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Thanks Rick, seems like his rudder foils are similar in size to your flapping foils.  We've all sculled sailing dinks with the rudders and it works ok, even with a system totally not designed for that purpose.  Have you considered flapping rudders before?  I could imagine a system where you pedal like the mirage drive and each leg stroke wags the rudders on each rotation.  The Mirage drives use a chain over cam setup I think.  A  chain sprocket on top of each rudder shaft with the chain crossed in between would provide differential rotation on the two shafts while still allowing the tiller to steer.  Seems like it might be simpler than a prop drive with few disadvantages.

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41 minutes ago, Kenny Dumas said:

Thanks Rick, seems like his rudder foils are similar in size to your flapping foils.  We've all sculled sailing dinks with the rudders and it works ok, even with a system totally not designed for that purpose.  Have you considered flapping rudders before?  I could imagine a system where you pedal like the mirage drive and each leg stroke wags the rudders on each rotation.  The Mirage drives use a chain over cam setup I think.  A  chain sprocket on top of each rudder shaft with the chain crossed in between would provide differential rotation on the two shafts while still allowing the tiller to steer.  Seems like it might be simpler than a prop drive with few disadvantages.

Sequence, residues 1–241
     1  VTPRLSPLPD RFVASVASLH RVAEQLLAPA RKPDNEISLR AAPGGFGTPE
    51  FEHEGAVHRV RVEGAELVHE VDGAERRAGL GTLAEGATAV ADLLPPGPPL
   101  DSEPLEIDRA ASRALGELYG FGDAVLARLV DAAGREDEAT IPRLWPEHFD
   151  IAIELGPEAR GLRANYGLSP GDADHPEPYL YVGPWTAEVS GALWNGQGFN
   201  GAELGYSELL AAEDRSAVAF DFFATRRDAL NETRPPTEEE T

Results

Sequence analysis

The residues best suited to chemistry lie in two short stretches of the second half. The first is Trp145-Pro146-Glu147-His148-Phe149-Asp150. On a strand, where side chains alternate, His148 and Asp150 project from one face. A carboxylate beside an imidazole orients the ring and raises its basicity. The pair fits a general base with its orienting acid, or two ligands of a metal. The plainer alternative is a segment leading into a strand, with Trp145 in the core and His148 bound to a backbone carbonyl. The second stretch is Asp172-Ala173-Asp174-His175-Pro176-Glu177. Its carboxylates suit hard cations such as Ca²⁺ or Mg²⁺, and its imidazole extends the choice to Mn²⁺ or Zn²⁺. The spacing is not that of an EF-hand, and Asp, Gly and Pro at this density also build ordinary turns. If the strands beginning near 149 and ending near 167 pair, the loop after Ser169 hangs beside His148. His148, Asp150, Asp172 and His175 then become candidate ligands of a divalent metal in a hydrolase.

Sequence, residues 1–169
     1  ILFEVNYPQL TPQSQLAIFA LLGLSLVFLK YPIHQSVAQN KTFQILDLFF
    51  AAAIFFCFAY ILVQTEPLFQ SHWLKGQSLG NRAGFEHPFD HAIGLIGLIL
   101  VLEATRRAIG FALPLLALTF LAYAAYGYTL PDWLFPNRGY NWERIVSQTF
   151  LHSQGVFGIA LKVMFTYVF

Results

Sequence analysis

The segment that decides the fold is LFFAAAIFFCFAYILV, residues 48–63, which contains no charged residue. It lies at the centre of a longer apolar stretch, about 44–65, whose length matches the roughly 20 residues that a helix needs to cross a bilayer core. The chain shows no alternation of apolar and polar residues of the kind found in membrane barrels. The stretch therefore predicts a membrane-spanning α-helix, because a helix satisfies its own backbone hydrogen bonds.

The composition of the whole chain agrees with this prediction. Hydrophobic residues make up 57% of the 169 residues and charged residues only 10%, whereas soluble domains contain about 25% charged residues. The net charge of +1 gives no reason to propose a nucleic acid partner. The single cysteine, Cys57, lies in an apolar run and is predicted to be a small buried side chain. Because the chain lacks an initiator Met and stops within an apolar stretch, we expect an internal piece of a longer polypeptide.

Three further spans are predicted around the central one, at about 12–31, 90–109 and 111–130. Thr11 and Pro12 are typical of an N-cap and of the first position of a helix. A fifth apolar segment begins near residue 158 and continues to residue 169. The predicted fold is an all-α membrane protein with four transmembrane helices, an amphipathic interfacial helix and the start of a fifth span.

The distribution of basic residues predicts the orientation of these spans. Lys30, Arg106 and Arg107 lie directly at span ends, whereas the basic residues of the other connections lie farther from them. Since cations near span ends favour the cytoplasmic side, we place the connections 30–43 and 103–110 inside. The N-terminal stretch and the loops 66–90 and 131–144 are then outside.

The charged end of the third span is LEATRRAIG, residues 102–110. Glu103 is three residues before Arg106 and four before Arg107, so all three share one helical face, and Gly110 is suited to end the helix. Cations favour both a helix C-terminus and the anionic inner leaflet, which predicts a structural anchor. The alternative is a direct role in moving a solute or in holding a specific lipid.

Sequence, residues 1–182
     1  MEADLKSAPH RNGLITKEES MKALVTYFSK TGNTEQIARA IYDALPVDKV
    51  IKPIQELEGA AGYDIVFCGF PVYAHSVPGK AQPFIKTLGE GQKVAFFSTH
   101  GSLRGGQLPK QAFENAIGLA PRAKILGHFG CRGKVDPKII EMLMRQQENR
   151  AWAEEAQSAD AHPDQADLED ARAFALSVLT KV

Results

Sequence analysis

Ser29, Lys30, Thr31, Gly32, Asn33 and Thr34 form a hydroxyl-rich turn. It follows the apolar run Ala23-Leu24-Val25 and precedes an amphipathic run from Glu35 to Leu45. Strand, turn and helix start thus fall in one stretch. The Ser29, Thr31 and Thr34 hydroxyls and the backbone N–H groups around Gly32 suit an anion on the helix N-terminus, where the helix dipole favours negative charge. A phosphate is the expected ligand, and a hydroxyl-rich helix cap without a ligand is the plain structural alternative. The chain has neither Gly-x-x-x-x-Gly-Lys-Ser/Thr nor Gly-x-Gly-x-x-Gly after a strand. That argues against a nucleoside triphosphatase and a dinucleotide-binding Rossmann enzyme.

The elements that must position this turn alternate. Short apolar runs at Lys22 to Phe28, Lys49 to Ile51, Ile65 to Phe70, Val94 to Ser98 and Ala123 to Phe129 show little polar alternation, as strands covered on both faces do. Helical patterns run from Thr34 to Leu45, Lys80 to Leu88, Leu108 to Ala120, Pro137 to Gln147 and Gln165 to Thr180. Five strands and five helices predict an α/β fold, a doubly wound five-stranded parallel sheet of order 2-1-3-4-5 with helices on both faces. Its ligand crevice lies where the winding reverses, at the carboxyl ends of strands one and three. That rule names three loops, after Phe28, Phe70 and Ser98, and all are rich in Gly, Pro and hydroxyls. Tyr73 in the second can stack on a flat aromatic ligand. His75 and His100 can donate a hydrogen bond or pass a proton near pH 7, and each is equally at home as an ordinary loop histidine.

Not sure what you are referring to with "his" rudder foils.  Warren is spinning a prop as I am in my boat using roller clutches - see photo of Warren's propulsion leg.  I used a curved shaft to avoid submerging my capstan and roller clutches.

I have seen a wide range of flapping systems.  One example: